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Biochemistry. 2002 Jan 15;41(2):561-9.

Regulation of both PDK1 and the phosphorylation of PKC-zeta and -delta by a C-terminal PRK2 fragment.

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Division of Biochemistry and Molecular Biology, School of Biological Sciences, University of Southampton, Southampton, UK.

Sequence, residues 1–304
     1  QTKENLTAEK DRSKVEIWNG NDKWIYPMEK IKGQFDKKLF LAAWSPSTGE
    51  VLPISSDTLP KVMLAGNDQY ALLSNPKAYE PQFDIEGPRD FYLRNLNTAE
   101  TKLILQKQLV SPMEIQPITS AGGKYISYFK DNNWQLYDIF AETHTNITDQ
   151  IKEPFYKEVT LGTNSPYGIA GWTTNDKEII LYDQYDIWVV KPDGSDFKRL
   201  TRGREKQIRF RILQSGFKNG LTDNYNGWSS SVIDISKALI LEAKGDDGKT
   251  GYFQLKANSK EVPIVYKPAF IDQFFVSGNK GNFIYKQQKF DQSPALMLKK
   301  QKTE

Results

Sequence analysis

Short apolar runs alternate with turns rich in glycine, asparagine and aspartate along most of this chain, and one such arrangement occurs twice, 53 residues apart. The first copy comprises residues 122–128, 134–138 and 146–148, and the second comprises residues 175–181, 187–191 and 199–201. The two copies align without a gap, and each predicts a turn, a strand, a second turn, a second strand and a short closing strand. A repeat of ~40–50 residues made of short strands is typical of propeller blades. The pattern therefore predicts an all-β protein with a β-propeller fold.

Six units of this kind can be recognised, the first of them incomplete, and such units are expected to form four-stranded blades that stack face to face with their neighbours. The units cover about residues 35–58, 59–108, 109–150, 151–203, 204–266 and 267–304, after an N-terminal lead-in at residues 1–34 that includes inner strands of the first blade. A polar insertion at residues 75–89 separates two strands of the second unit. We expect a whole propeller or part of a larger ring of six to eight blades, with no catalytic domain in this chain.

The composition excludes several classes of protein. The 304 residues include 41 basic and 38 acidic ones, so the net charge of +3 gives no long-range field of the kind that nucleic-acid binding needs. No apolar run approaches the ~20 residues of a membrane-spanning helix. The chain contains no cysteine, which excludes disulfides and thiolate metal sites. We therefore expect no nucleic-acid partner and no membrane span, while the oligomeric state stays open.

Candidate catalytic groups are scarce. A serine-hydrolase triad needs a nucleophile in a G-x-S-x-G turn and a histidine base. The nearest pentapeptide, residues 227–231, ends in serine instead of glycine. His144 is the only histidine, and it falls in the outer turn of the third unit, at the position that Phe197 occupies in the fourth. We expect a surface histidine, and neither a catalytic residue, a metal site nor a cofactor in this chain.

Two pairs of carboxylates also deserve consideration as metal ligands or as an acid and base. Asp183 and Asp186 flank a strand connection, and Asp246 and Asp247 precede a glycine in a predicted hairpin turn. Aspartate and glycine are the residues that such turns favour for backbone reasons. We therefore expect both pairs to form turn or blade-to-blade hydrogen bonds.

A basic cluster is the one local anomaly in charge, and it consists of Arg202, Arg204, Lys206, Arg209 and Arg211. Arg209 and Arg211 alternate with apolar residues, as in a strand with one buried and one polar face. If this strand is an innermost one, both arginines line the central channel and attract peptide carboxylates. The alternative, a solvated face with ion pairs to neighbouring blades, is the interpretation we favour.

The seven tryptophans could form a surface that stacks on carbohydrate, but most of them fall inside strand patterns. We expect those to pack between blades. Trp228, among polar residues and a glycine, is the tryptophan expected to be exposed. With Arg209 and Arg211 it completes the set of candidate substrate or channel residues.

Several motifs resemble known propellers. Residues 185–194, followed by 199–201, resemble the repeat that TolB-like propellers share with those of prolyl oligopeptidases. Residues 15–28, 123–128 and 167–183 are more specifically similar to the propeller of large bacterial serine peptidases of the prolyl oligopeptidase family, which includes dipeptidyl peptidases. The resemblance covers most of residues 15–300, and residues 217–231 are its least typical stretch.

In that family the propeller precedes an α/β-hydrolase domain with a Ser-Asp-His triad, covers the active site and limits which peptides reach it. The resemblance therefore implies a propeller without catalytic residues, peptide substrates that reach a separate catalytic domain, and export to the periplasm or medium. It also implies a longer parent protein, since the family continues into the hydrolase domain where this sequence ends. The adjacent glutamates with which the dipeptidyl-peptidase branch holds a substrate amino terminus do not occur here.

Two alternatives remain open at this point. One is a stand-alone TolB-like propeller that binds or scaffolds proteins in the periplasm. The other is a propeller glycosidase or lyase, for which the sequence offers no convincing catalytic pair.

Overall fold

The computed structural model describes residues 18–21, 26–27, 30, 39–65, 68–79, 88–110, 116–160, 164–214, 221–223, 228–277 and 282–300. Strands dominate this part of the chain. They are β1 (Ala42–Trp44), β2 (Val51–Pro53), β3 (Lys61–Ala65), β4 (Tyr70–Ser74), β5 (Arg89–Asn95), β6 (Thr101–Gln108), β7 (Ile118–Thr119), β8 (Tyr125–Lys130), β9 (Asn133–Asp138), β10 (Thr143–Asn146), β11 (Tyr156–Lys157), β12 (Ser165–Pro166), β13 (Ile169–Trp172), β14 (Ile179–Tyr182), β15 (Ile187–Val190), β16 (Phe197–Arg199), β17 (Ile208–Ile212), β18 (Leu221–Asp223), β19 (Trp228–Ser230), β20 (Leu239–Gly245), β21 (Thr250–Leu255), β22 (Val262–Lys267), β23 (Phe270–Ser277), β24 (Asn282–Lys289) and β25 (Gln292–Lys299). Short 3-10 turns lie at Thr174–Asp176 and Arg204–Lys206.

The mechanism by which PDK1 regulates AGC kinases remains unclear. To further understand this process, we performed a yeast two-hybrid screen using PDK1 as bait. PKC-zeta, PKC-delta, and PRK2 were identified as interactors of PDK1. A combination of yeast two-hybrid binding assays and coprecipitation from mammalian cells was used to characterize the nature of the PDK1-PKC interaction. The presence of the PH domain of PDK1 inhibited the interaction of PDK1 with the PKCs. A contact region of PDK1 was mapped between residues 314 and 408. The interaction of PDK1 with the PKCs required the full-length PKC-zeta and -delta proteins apart from their C-terminal tails. PDK1 was able to phosphorylate full-length PKC-zeta and -delta but not PKC-zeta and -delta constructs containing the PDK1 phosphorylation site but lacking the C-terminal tails. A C-terminal PRK2 fragment, normally produced by caspase-3 cleavage during apoptosis, inhibited PDK1 autophosphorylation by >90%. The ability of PDK1 to phosphorylate PKC-zeta and -delta in vitro was also markedly inhibited by the PRK2 fragment. Additionally, generation of the PRK2 fragment in vivo inhibited by >90% the phosphorylation of endogenous PKC-zeta by PDK1. In conclusion, these results show that the C-terminal tail of PKC is a critical determinant for PKC-zeta and -delta phosphorylation by PDK1. Moreover, the C-terminal PRK2 fragment acts as a potent negative regulator of PDK1 autophosphorylation and PDK1 kinase activity against PKC-zeta and -delta. As the C-terminal PRK2 fragment is naturally generated during apoptosis, this may provide a mechanism of restraining prosurvival signals during apoptosis.

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